Methylphenidate Abuse: An Introduction
Methylphenidate comes in pill form for therapeutic use. Some other common trade names for methylphenidate include Methylin and Metadate.
While methylphenidate has been studied for more than 50 years and is considered safe for use when taken as prescribed, it does have the potential for abuse and, in turn, dependency and addiction.
- Kiddie coke.
- Vitamin R.
- Diet coke.
It can also have significant side effects when misused. Consider that:
- Increasing numbers of people have been prescribed methylphenidate in recent years, which has increased the availability of drug for abuse.
- More and more young adults are misusing methylphenidate for study purposes; drugs like Ritalin and Concerta are commonly referred to as “smart drugs” or “study drugs.”
- Addiction can result when methylphenidate is taken in doses and/or via methods (e.g. injection or snorting) other than those prescribed.
Statistics show that prescriptions for methylphenidate are increasing steadily each year, and, in turn, so is the problem of methylphenidate abuse.
Signs and Symptoms
When misused, and especially when taken intravenously, the effects of methylphenidate can mimic the effects of cocaine. There are many signs of methylphenidate abuse that may show up in users. They include, but are not limited to, the following:
- Abnormal movements (similar to Tourette’s).
- Agitation and anxiety.
- Altered sexual desire.
- Chest pain.
- Difficulty breathing.
- Dilated pupils.
- General nervousness.
- Gastrointestinal distress.
- Nausea and vomiting.
- OCD-like syndrome.
- Social withdrawal.
- Thoughts of suicide.
If you recognize these signs and symptoms in yourself or in another, call to speak with a treatment support specialist and learn about the path to recovery.
Effects of Methylphenidate Abuse
Methylphenidate increases the activity of dopamine, which is a neurotransmitter that is associated with pleasure. In high doses, methylphenidate can cause the following problems:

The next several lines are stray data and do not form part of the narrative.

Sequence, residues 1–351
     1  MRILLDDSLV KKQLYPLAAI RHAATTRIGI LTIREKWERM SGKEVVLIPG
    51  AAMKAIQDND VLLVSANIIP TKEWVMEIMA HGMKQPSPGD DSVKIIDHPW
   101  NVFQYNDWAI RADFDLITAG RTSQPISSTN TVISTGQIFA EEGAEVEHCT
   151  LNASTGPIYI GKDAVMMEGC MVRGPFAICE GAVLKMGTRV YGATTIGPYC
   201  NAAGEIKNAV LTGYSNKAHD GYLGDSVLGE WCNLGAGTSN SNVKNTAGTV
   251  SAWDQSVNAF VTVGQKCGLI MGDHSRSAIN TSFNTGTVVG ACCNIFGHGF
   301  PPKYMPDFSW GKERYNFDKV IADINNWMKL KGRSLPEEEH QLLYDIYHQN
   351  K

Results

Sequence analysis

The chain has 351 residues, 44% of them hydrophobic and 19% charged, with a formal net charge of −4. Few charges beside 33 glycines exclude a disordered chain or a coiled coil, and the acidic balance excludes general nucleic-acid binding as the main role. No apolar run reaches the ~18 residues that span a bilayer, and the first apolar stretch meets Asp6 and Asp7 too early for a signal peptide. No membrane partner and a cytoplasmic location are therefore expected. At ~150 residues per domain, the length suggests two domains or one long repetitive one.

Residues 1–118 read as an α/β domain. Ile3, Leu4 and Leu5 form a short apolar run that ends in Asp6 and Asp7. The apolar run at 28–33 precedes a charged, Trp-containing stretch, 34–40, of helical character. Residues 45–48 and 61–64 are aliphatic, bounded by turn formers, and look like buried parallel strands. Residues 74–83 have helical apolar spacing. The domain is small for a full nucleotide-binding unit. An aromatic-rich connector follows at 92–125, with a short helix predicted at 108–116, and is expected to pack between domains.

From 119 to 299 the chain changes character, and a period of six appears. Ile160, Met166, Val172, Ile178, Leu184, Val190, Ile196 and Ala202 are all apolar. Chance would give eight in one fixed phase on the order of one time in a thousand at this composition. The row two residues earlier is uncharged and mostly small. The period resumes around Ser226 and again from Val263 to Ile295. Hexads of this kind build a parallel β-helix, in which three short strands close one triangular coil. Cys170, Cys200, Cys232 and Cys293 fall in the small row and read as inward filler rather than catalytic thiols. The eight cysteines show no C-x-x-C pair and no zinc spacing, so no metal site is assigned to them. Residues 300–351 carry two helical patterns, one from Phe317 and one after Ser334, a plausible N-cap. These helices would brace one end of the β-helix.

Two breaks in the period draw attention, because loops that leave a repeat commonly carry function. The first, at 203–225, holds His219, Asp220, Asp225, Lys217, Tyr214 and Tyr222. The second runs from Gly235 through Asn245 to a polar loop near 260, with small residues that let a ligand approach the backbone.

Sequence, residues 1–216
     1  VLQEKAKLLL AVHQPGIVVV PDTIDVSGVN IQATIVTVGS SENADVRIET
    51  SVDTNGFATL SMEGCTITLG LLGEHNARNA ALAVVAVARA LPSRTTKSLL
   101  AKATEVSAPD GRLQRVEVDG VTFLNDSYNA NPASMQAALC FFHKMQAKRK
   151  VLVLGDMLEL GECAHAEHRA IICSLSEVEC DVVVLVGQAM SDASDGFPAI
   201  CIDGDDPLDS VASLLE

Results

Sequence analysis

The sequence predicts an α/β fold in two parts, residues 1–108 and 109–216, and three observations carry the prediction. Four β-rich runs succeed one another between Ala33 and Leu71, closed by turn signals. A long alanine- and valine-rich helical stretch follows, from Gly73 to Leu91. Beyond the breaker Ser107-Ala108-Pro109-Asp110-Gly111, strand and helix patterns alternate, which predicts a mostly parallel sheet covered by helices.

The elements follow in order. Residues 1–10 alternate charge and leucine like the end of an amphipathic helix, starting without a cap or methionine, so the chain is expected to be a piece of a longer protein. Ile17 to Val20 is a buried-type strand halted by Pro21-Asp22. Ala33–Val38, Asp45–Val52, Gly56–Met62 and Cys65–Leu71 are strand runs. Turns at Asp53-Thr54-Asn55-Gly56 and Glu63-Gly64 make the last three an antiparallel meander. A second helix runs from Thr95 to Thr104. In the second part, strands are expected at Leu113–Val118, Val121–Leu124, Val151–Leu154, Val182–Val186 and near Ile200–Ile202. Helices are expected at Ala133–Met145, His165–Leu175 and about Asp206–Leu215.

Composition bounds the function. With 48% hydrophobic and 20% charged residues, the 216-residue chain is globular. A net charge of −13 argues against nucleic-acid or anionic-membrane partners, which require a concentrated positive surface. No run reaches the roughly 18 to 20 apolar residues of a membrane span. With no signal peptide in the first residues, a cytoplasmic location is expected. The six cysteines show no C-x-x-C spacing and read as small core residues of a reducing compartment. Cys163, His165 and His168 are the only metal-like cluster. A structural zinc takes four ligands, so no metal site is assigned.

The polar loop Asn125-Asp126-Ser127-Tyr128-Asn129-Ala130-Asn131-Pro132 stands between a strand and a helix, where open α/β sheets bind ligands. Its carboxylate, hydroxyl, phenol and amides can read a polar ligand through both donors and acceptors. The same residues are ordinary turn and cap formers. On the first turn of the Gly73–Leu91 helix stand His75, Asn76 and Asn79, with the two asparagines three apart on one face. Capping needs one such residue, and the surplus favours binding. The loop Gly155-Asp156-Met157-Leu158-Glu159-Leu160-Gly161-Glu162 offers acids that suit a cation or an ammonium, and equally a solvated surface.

- Formication (the sensation of bugs crawling under the skin).
- Facial flushing.
- Perseveration (excessive repetition of meaningless tasks).
Some effects of long-term methylphenidate abuse may include:
- Suicidal thoughts.
Methylphenidate Abuse Treatment
Addiction to methylphenidate may require treatment, including supervised medical detox and rehabilitation.
Quitting methylphenidate can be made easier and more comfortable under the supervision and guidance of a qualified medical professional or addiction treatment specialist. They can give you an idea of what symptoms to expect, how they will be handled, and how long withdrawal symptoms will last.
Some of the withdrawal symptoms of methylphenidate use can include:
- Anxiety and depression.
- Inability to concentrate.
- Hypersomnia, or excessive sleepiness.
- Mood swings.
Rehabilitation for Methylphenidate
Rehab programs are a useful resource when helping someone quit methylphenidate, as they provide focused care and resources to maintain sobriety.
Key Statistics on Methylphenidate Abuse
With increasing ADHD diagnoses and the resulting increase in drug availability, misuse of this drug is all too common. Note the following statistics:
- According to the Centers for Disease Control (CDC), as of 2011 6.4 million children between the ages of 4 and 17 had been given an ADHD diagnosis.
- Data from the CDC indicates a steady increase in ADHD diagnoses, with rates jumping from 7.8% in 2003 to 11% in 2011.
- According to the Drug Enforcement Administration (DEA), methylphenidate is among the top ten stolen prescriptions in the U.S.
- According to a study by the American College of Neuropsychopharmacology, long-term methylphenidate use can cause serious brain injury.
- The DEA has labeled methylphenidate a Schedule II drug, meaning is has “a high potential for abuse.”
- According to data from the Partnership Attitude Tracking Study (PATS), 1.3 million teens reported having misused Ritalin or Adderall in the 30 days prior.
Teen Methylphenidate Abuse
There are several ways teens can be introduced to a drug like methylphenidate. They may receive Ritalin or Concerta from friends, parents or acquaintances, or a doctor may prescribe it to them for a medical condition, such as ADHD. Teens may begin abusing prescription stimulants like Ritalin in order to gain an edge in school or stay up to party.
To help prevent drug abuse in your teen:
- Have a conversation about drugs, addiction, and specifically methylphenidate. (Drugfree.org reports that children that learn about the risk of drugs from their parents are less likely to abuse them.)
- Lock up any prescription medications you have.
- If you (or your teen) have a prescription for methylphenidate, monitor their use.
- Know your children’s friends and keep on eye on their behavior.
To learn more about the problem of methylphenidate abuse, see the following articles:
- Study: Abuse of ADHD Meds is Beginning Earlier
- Amphetamine Abuse
You can also connect with others and find support by visiting our DrugAbuse.com Forum today.